Irritable Bowel Syndrome (IBS) affects up to 1 in 5 people at some point in their lives. But, many people struggling with stomach issues haven’t even heard of it! In this post, we will cover how IBS is diagnosed, common conventional treatments, and alternative holistic options. If the word poop offends you, you’ll get over it quick, because IBS is a lot of poop talk! So here we go.
Irritable bowel syndrome causes abdominal pain or discomfort, as well as abnormal bowel movements, either diarrhea (IBS-D), constipation (IBS-C), or both (IBS-M). You feel bloated, uncomfortable, and whenever you poop it is either a) painful b) super watery/loose or c) has been a long time coming.
The nitty gritty
There is not one cause of IBS. A few mechanisms may be involved, though. I won’t bore you too much, but here’s the simplified version:
Many people with IBS will agree that diagnosis is very frustrating for all parties. This is because IBS is a “rule-out” diagnosis. Essentially, your doctors have tested you for tons of stuff (Celiac disease, Inflammatory Bowel Disease, infection etc.), and still can’t come up with a solid diagnosis. The official criteria, though, is this:
Abdominal discomfort at least 3 days per month, for longer than 3 months. PLUS you have 2 or more of these symptoms at least 25% of the time: improvement in pain when you poop, a change in frequency (you poop way more, or way less), a change in your poop’s appearance (more watery or very firm).
When an IBS flare comes a-knockin’, any plans usually get thrown out the window.
Low-dose anti-diarrheal medications may be effective in patients with IBS-D. Unfortunately, these medications may replace one problem with another. For example, medication for diarrhea may cause constipation if its effect is too strong (and vice versa). For people with constipation related IBS, there is very little evidence that laxatives provide symptom relief. Ultimately, these medications are aiming to treat the symptom, and not addressing the root cause (or changing what we put into our body).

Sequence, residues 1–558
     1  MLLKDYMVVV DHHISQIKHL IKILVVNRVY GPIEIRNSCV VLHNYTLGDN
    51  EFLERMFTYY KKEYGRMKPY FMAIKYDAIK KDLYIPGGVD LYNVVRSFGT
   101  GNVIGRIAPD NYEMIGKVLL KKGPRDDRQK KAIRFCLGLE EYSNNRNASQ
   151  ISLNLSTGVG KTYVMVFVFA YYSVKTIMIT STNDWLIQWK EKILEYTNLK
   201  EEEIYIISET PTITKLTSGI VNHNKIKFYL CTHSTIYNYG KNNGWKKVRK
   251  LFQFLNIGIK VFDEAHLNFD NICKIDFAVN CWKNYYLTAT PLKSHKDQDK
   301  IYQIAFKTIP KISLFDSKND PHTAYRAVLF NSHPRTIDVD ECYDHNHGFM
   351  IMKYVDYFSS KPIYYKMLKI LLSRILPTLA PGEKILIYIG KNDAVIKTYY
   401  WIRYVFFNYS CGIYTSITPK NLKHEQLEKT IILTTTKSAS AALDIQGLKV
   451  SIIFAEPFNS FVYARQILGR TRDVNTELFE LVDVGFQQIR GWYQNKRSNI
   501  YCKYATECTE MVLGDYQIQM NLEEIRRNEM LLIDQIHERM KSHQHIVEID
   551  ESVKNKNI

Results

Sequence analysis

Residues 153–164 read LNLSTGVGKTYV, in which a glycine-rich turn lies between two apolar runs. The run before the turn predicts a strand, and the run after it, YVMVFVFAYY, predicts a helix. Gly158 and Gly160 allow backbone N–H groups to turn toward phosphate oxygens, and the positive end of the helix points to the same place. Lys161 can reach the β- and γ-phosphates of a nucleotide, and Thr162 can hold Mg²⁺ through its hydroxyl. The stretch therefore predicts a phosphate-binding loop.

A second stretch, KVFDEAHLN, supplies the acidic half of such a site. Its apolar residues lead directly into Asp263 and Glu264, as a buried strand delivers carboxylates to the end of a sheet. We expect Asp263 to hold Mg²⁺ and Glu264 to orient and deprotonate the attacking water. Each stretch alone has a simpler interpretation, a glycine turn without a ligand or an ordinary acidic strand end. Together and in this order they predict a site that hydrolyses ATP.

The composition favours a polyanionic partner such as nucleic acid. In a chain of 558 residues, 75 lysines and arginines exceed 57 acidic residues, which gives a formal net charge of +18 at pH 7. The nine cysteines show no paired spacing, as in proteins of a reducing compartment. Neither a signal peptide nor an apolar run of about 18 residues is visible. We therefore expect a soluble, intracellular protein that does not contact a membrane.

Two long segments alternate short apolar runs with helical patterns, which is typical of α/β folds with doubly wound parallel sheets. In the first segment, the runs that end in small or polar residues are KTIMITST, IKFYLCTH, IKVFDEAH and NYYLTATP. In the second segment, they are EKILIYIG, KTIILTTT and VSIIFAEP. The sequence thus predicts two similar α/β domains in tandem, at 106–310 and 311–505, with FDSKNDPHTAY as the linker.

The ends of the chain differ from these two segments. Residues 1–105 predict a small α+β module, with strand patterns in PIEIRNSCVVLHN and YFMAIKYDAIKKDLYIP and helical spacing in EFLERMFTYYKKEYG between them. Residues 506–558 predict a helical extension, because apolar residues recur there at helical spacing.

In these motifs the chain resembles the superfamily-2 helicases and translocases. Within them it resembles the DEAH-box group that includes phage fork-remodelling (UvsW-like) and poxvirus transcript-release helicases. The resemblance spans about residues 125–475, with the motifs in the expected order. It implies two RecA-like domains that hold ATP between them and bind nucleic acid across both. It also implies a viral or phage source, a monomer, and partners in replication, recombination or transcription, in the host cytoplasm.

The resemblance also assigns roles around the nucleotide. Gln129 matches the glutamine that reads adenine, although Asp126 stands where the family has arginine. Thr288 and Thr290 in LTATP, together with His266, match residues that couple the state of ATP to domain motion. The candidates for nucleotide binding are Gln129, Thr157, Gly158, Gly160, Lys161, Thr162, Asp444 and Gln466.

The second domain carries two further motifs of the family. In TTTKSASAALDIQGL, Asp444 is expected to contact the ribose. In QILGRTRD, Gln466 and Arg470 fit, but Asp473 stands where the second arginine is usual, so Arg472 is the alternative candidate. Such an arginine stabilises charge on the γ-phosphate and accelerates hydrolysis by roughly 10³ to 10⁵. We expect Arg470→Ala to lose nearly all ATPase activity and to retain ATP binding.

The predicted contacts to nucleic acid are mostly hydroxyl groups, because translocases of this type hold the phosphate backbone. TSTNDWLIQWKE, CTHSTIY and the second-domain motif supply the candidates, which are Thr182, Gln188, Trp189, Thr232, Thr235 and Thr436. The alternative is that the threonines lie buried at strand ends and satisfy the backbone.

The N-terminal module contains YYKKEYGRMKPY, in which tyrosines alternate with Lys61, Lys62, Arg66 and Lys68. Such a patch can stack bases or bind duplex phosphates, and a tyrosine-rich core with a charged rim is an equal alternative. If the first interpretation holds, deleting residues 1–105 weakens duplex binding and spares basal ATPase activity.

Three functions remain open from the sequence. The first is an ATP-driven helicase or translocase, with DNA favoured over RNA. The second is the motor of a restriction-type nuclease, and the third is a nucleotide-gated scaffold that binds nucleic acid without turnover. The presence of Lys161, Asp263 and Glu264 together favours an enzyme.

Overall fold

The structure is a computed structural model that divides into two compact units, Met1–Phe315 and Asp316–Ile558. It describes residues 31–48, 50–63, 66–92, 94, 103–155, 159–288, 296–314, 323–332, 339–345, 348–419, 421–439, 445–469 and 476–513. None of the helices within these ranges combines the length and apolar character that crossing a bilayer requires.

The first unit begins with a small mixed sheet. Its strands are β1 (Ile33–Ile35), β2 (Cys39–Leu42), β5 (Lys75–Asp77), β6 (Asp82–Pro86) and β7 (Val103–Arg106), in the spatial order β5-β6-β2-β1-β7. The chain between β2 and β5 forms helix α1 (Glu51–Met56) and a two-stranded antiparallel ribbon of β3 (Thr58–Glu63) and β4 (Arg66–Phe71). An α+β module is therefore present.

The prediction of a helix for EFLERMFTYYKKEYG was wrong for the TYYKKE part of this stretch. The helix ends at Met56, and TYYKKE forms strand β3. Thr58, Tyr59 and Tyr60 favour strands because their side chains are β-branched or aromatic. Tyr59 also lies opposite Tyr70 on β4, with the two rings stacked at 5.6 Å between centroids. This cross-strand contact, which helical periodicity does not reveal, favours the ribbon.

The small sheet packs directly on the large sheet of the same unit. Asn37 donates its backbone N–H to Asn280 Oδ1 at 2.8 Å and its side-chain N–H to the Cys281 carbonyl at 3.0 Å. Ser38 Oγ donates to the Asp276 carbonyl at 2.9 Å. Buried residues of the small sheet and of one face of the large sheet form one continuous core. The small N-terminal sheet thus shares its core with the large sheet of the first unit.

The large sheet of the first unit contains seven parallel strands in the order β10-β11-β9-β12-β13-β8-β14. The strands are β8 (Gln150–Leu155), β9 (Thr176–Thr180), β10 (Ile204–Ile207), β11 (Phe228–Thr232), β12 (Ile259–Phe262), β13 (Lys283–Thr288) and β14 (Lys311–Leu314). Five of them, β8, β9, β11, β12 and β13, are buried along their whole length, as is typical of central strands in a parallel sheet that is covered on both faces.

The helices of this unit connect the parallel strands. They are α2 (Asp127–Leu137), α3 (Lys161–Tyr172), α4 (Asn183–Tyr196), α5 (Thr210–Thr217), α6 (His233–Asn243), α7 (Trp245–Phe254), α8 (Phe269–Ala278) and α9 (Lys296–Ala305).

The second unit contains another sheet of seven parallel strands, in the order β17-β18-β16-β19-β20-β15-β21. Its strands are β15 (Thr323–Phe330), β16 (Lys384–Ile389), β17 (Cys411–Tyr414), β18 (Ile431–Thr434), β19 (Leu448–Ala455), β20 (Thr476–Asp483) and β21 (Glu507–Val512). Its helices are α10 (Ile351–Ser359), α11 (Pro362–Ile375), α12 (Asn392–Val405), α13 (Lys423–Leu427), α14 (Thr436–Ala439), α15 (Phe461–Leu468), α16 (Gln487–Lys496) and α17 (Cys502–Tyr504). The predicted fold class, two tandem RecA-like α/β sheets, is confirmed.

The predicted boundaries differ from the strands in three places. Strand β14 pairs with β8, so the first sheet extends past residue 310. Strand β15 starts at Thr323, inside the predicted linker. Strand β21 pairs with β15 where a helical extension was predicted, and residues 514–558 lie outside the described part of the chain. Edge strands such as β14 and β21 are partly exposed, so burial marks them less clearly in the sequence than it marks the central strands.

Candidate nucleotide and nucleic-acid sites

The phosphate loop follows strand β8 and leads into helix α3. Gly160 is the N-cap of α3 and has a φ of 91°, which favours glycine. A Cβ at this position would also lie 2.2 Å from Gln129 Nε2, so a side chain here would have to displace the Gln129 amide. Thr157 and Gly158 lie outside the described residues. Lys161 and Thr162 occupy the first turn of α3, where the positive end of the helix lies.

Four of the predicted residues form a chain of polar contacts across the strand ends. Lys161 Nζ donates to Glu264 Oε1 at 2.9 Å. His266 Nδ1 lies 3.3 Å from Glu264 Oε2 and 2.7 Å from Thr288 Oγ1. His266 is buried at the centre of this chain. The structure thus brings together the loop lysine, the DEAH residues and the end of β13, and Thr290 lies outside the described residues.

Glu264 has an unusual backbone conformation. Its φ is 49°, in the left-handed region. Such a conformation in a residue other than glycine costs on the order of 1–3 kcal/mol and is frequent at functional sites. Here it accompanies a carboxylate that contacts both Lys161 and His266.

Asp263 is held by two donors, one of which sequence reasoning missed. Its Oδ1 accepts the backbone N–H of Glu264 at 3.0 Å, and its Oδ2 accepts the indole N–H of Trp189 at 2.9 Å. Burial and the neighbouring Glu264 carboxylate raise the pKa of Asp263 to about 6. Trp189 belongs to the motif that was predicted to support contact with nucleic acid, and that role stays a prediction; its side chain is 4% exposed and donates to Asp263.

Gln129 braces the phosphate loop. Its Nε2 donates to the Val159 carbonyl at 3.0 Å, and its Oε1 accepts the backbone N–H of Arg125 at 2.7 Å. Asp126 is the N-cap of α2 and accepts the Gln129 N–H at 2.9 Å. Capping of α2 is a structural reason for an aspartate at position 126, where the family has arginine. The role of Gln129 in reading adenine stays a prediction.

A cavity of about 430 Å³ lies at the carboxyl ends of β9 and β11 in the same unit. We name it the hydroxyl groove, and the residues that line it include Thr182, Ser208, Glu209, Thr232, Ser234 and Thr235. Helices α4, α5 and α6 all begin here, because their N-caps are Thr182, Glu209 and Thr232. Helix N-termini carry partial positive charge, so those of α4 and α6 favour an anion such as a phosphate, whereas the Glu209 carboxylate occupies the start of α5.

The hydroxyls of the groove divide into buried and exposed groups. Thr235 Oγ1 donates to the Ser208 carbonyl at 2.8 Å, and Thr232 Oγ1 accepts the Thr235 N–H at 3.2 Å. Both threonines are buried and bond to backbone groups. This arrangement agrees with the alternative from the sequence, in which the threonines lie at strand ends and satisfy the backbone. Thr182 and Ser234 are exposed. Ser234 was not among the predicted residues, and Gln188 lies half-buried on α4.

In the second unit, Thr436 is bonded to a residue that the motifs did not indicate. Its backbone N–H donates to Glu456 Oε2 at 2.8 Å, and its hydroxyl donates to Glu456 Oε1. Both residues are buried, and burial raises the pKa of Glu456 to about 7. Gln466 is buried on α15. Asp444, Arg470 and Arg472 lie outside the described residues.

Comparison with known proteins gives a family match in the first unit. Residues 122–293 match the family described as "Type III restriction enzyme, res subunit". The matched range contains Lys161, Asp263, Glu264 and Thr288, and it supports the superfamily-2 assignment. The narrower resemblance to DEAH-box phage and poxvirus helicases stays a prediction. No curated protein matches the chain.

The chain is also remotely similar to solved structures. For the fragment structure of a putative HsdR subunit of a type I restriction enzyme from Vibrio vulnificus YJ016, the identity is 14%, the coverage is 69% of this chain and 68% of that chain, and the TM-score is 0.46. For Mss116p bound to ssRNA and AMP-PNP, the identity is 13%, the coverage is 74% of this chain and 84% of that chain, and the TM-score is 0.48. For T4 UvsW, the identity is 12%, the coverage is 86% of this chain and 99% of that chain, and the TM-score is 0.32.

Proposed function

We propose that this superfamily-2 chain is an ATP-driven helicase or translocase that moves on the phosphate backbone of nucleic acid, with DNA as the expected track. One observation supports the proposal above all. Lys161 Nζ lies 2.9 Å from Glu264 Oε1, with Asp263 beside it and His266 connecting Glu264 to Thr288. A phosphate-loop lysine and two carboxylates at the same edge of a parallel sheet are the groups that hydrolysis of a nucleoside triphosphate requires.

There are two types of fiber. Insoluble fiber (not dissolving in water) increases the size of your stool and helps it move through the colon (i.e. helping with constipation). Soluble fiber can “soak up” fluid in your intestines, and may help those who suffer from diarrhea. In total, we need about 30 grams of fiber per day.
The research on added fiber and symptom relief in IBS, though, is somewhat conflicting. Many fiber sources are also known “gas-formers” in the intestine (skip to FODMAP section for more information). One research review (analyzing 22 studies) found symptom improvement with soluble fiber, but not insoluble fiber.
Ultimately, fiber is an important part of a healthy diet, but we usually cannot rely on this as the only treatment plan for IBS.
People with IBS generally have higher anxiety-depression scores. Because of the well-researched brain-gut connection, several studies have evaluated the effectiveness of antidepressants for IBS. Two common antidepressants sometimes prescribed for IBS are TCAs (tricyclic antidepressants) and SSRIs (selective serotonin reuptake inhibitors). One larger review study found that IBS patients may have symptom improvement with TCAs, but not with SSRIs. In this study, antidepressants were an overall safe treatment for IBS, but like any other medications, may come with more side effects. Dry mouth, drowsiness, poor sleep, headache, and nausea were a few side effects reported with these medications. It’s important to talk to your doctor if you are feeling any symptoms of depression or anxiety.
The low-FODMAP diet is gaining in popularity. However, few doctors refer to it as a first line therapy, perhaps due to the notion that the low-FODMAP diet is difficult to navigate. The low-FODMAP diet eliminates particular carbohydrates that may be malabsorbed in people with IBS. Eating high FODMAP foods may cause bloating, abdominal pain, and/or diarrhea. Many research studies back the low FODMAP diet, reporting significant reduction in symptoms.